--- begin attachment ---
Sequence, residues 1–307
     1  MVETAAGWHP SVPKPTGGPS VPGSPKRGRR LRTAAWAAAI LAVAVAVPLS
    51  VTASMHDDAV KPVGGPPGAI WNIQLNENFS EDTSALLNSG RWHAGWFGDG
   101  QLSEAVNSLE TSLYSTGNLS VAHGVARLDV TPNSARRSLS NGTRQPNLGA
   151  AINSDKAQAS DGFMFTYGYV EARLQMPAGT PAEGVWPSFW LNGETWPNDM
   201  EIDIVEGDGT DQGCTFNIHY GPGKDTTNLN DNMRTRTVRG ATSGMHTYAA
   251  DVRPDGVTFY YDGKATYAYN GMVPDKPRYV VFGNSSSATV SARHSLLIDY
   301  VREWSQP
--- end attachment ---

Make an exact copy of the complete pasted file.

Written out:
Sequence, residues 1–307
     1  MVETAAGWHP SVPKPTGGPS VPGSPKRGRR LRTAAWAAAI LAVAVAVPLS
    51  VTASMHDDAV KPVGGPPGAI WNIQLNENFS EDTSALLNSG RWHAGWFGDG
   101  QLSEAVNSLE TSLYSTGNLS VAHGVARLDV TPNSARRSLS NGTRQPNLGA
   151  AINSDKAQAS DGFMFTYGYV EARLQMPAGT PAEGVWPSFW LNGETWPNDM
   201  EIDIVEGDGT DQGCTFNIHY GPGKDTTNLN DNMRTRTVRG ATSGMHTYAA
   251  DVRPDGVTFY YDGKATYAYN GMVPDKPRYV VFGNSSSATV SARHSLLIDY
   301  VREWSQP